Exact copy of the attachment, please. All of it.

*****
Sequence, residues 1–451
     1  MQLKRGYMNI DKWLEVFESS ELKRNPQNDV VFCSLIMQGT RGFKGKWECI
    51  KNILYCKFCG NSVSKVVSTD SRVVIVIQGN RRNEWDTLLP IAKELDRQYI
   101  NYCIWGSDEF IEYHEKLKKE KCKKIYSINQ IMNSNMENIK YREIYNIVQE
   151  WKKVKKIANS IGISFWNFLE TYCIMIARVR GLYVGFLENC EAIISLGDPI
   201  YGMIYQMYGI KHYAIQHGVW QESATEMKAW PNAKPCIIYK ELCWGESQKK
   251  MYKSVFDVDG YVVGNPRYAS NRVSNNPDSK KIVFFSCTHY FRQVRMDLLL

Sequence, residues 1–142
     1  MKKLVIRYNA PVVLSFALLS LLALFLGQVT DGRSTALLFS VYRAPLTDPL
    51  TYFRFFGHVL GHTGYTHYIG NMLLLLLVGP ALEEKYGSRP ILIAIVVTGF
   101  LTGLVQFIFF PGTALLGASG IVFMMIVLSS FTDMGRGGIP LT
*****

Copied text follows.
Sequence, residues 1–451
     1  MQLKRGYMNI DKWLEVFESS ELKRNPQNDV VFCSLIMQGT RGFKGKWECI
    51  KNILYCKFCG NSVSKVVSTD SRVVIVIQGN RRNEWDTLLP IAKELDRQYI
   101  NYCIWGSDEF IEYHEKLKKE KCKKIYSINQ IMNSNMENIK YREIYNIVQE
   151  WKKVKKIANS IGISFWNFLE TYCIMIARVR GLYVGFLENC EAIISLGDPI
   201  YGMIYQMYGI KHYAIQHGVW QESATEMKAW PNAKPCIIYK ELCWGESQKK
   251  MYKSVFDVDG YVVGNPRYAS NRVSNNPDSK KIVFFSCTHY FRQVRMDLLL

Sequence, residues 1–142
     1  MKKLVIRYNA PVVLSFALLS LLALFLGQVT DGRSTALLFS VYRAPLTDPL
    51  TYFRFFGHVL GHTGYTHYIG NMLLLLLVGP ALEEKYGSRP ILIAIVVTGF
   101  LTGLVQFIFF PGTALLGASG IVFMMIVLSS FTDMGRGGIP LT